By Clare S. Richie
Each day, women and girls in South Sudan walk four to six miles one way for clean water. Access to clean water means less disease, more time for education, and makes it possible to deliver health services. It costs $9,000 to build a well and change their lives.
Majok Marier, Sudanese refugee and founder of Wells for Hope, returned last month to South Sudan to oversee the drilling of a second well.
“I’m very excited to build this well in my friend’s village and to see my children,” Marier said.
Proceeds from his memoir, generous donors, and events like last months Walk to Water, where students and adults walked 5 miles in Stone Mountain park to symbolize a water gatherer’s one-way trek, have made that possible.
Marier is a survivor and a now a life changer for South Sudan. His extraordinary journey began in 1987, when the Sudanese Civil War reached his village. Central government soldiers bombed and burned his village while he was away tending to his family’s cattle. He fled from the violence and to escape induction into the northern army. Marier was only 7 years old.
“We didn’t have food, no one to protect us,” he recalled.
Without any food, supplies, or their parents, Marier and tens of thousands of other boys walked barefoot for more than 1,000 miles, half of them dying before reaching Kenya’s Kakuma refugee camp. To the world they became known as the Lost Boys of Sudan.
After nine years in the Kakuma refugee camp, while the boys were growing to adulthood with no better prospects while the Civil War raged on, the U.S. government invited Marier and nearly 4,000 other Lost Boys to rebuild their lives in America. Marier arrived in Atlanta in February 2001.
“The weather was cold. Our rent was covered for three months and we had to go to work. We hoped to go to school and get an education so we could go back to Sudan and help our people,” Marier reflected.
By 2005, Marier had made contact with his mother. He wanted to travel back to Sudan to reunite with her, but his travel documents didn’t arrive in time. Instead he set about writing his story with the hope that one day he’d return and share it with the young people in his country. He wrote 100 pages.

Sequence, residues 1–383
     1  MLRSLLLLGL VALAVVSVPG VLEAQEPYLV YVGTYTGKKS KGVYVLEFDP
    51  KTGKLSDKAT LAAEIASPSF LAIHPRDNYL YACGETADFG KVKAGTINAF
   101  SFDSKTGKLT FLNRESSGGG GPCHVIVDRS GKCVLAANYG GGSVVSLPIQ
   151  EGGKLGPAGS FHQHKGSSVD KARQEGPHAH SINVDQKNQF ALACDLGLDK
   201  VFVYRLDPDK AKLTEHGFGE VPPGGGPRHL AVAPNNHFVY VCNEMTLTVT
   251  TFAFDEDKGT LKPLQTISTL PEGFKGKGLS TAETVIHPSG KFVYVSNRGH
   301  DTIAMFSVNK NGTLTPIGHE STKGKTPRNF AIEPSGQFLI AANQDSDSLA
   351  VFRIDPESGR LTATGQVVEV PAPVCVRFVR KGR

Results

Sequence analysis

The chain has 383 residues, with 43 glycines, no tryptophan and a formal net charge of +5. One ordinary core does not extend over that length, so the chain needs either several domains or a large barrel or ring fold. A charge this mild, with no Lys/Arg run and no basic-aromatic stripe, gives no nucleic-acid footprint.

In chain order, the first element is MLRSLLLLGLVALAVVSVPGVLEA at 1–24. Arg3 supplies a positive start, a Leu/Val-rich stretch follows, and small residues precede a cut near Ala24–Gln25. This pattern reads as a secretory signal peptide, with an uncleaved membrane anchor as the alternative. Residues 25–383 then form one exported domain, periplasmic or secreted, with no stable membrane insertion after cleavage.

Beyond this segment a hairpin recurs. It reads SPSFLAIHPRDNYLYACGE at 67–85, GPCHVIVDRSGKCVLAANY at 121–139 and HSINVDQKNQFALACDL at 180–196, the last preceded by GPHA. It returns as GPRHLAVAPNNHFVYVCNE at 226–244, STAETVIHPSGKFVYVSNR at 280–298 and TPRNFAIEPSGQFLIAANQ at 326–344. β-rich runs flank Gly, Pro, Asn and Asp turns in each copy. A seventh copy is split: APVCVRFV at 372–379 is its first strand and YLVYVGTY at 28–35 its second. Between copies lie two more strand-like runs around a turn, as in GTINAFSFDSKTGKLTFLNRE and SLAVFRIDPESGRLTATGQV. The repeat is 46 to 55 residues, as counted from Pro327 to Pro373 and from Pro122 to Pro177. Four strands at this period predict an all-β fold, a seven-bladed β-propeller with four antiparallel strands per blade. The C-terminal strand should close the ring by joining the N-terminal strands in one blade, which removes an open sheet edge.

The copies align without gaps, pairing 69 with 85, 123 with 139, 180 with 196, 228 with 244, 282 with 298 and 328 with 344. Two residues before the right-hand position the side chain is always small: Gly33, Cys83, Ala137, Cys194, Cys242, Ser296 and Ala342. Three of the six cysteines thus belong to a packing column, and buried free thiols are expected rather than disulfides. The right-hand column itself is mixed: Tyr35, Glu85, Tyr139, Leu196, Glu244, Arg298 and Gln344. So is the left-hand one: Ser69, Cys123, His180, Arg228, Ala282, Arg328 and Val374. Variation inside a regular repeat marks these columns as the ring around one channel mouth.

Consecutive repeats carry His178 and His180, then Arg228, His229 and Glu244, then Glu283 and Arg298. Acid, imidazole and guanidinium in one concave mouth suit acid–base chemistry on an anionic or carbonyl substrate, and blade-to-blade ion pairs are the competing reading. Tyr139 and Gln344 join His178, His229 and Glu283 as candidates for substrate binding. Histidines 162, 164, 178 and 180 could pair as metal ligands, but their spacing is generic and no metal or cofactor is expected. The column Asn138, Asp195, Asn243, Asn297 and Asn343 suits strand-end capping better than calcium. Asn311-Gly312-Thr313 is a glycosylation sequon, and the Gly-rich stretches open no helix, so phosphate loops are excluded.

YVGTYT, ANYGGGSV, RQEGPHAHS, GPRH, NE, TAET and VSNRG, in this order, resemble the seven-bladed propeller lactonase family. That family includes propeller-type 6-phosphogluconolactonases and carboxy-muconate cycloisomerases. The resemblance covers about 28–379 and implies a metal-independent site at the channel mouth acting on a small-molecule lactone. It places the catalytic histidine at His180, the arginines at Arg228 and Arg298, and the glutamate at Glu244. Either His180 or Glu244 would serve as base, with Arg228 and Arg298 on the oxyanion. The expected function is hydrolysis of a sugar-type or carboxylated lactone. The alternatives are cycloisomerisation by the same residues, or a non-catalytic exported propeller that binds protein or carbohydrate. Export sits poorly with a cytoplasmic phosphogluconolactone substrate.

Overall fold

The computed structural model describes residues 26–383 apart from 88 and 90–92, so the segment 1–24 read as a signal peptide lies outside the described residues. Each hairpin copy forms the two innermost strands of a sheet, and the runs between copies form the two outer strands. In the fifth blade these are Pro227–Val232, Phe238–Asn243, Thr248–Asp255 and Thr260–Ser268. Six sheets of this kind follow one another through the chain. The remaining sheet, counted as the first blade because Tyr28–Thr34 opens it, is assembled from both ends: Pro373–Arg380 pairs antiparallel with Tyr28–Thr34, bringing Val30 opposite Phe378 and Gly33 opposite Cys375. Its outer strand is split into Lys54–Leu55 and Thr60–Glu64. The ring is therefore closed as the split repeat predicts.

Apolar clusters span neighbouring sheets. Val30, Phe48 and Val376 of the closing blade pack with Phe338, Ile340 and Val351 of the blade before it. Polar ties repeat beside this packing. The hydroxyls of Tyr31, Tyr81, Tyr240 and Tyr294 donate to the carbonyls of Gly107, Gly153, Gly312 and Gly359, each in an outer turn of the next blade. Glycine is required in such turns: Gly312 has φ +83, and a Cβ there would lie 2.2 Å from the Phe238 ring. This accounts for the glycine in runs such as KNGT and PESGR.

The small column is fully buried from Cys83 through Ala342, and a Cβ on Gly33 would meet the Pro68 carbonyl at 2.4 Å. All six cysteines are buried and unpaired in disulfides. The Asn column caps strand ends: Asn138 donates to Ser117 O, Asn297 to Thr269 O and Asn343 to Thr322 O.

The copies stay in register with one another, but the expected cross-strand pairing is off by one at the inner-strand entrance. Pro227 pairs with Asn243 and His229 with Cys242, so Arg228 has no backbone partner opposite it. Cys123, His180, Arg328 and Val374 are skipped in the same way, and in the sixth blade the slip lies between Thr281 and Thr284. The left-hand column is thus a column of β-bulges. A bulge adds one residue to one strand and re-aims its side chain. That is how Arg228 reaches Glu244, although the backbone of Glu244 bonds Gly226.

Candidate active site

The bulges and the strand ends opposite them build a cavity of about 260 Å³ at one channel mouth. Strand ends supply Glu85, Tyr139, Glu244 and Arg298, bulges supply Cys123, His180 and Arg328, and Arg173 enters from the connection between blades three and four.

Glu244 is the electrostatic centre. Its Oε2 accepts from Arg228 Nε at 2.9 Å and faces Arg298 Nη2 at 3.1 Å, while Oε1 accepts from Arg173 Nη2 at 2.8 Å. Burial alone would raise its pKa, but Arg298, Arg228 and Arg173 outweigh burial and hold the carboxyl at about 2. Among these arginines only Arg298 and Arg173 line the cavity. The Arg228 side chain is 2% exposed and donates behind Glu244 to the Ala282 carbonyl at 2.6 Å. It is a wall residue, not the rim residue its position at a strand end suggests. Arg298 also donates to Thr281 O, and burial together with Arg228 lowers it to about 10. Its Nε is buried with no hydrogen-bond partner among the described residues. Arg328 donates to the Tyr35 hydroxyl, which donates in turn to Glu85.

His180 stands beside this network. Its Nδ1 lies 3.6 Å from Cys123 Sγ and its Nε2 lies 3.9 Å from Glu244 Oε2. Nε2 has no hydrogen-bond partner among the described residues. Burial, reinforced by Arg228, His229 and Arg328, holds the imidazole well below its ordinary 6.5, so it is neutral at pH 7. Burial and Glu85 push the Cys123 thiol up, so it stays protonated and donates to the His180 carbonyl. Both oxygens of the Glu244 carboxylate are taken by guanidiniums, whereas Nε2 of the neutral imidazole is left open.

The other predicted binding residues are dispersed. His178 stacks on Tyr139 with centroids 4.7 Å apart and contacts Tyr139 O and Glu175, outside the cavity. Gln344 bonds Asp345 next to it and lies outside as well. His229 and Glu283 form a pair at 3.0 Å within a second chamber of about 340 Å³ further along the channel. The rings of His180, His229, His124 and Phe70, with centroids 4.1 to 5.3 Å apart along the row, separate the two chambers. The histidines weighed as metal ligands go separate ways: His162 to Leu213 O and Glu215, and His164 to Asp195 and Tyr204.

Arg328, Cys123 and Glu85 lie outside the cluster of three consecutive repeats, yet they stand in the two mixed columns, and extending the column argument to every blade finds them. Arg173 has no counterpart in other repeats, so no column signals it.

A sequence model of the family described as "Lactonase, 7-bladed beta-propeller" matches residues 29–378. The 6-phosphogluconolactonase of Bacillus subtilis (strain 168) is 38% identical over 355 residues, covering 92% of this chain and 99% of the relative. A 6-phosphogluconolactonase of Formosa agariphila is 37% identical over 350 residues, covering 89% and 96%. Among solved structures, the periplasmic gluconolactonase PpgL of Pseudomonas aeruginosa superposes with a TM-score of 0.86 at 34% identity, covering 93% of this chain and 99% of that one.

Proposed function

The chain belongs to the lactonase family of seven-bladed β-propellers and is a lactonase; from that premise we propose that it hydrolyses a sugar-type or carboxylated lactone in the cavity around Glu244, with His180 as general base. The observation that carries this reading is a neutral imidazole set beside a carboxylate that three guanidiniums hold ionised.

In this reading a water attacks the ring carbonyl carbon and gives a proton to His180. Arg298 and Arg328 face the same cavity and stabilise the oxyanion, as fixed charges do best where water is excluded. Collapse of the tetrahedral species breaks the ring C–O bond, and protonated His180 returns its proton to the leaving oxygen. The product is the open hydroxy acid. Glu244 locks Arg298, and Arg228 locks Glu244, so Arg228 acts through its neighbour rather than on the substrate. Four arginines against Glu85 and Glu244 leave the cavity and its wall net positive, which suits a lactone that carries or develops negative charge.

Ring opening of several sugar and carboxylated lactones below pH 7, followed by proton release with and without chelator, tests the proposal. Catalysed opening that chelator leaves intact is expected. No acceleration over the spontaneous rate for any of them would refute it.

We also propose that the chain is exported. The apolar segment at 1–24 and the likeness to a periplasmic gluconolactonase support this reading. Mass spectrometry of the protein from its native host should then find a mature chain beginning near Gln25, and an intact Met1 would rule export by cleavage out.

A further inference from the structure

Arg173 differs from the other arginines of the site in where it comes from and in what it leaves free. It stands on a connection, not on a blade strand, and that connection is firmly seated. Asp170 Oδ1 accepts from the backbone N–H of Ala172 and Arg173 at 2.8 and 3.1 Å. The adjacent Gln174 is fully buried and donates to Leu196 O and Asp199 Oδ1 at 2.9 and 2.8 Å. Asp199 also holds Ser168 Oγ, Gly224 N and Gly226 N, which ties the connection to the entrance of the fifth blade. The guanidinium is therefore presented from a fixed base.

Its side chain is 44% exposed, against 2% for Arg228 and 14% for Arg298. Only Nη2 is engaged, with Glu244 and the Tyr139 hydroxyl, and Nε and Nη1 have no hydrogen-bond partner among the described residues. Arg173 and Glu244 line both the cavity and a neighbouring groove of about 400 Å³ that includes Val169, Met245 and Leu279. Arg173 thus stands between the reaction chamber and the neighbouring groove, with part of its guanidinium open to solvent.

Three years later, Marier finally reunited with his mother in his home village. Though he wanted to build a clinic, Marier saw firsthand that clean water had to come first. His sister-in-law woke each morning at 4 a.m. and left her infant to collect water and the breastfeeding baby cried the whole time she was gone. Before he left, Marier promised the villagers, “I will bring the water.” That meant raising money back in the U.S. and finishing his book – both which took several years.
In 2011, he returned to South Sudan for his wedding and is now the proud father of a daughter and baby son. His family lives in South Sudan and he provides for them by working as a plumber’s assistant, ironically helping Atlantans access water in their homes.
But he never forgot his promise. With the help of co-author Estelle Ford-Williamson, fellow parishioner and former UPI reporter, he published, Seed of South Sudan: Memoir of a ‘Lost Boy’ Refugee. He used his book to raise awareness and funds for Wells for Hope, the nonprofit he started with fellow Lost Boys and concerned friends.
In June 2015, Marier fulfilled his promise and drilled the first well in his home village of Billing, Daldiar. Now he can explore building a clinic to honor the memory of his sister Lela, who died of a miscarriage because the closest clinic was 25 miles away.
“If I can get more donations, I can bring more wells,” Marier said. “We will bring our village back, then a different village, until we bring the whole country back. They will finish what we start.”
For more information and to contribute, visit wellsforhope.org.